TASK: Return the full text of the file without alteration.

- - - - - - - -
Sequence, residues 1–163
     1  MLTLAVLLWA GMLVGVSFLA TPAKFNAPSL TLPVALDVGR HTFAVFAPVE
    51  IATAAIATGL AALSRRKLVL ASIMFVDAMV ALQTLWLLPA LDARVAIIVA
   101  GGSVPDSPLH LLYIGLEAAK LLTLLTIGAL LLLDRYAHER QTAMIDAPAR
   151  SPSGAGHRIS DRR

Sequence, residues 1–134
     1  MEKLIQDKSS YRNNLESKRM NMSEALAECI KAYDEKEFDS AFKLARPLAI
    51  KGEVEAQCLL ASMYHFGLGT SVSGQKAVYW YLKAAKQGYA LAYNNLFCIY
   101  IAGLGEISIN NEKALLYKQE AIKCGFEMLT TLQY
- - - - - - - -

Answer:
Sequence, residues 1–163
     1  MLTLAVLLWA GMLVGVSFLA TPAKFNAPSL TLPVALDVGR HTFAVFAPVE
    51  IATAAIATGL AALSRRKLVL ASIMFVDAMV ALQTLWLLPA LDARVAIIVA
   101  GGSVPDSPLH LLYIGLEAAK LLTLLTIGAL LLLDRYAHER QTAMIDAPAR
   151  SPSGAGHRIS DRR

Sequence, residues 1–134
     1  MEKLIQDKSS YRNNLESKRM NMSEALAECI KAYDEKEFDS AFKLARPLAI
    51  KGEVEAQCLL ASMYHFGLGT SVSGQKAVYW YLKAAKQGYA LAYNNLFCIY
   101  IAGLGEISIN NEKALLYKQE AIKCGFEMLT TLQY